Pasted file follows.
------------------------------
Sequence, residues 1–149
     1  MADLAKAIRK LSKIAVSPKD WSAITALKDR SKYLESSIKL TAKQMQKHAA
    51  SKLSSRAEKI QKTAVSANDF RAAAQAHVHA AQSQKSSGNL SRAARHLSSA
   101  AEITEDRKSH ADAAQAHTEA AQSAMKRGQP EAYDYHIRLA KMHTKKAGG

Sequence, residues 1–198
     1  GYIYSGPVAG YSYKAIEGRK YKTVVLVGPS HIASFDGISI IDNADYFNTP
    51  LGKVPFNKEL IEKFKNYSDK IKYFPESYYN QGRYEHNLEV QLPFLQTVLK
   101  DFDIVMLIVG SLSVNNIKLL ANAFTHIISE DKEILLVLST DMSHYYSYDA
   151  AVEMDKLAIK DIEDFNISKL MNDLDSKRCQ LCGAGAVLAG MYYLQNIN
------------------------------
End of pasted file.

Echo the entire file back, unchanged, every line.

Sequence, residues 1–149
     1  MADLAKAIRK LSKIAVSPKD WSAITALKDR SKYLESSIKL TAKQMQKHAA
    51  SKLSSRAEKI QKTAVSANDF RAAAQAHVHA AQSQKSSGNL SRAARHLSSA
   101  AEITEDRKSH ADAAQAHTEA AQSAMKRGQP EAYDYHIRLA KMHTKKAGG

Sequence, residues 1–198
     1  GYIYSGPVAG YSYKAIEGRK YKTVVLVGPS HIASFDGISI IDNADYFNTP
    51  LGKVPFNKEL IEKFKNYSDK IKYFPESYYN QGRYEHNLEV QLPFLQTVLK
   101  DFDIVMLIVG SLSVNNIKLL ANAFTHIISE DKEILLVLST DMSHYYSYDA
   151  AVEMDKLAIK DIEDFNISKL MNDLDSKRCQ LCGAGAVLAG MYYLQNIN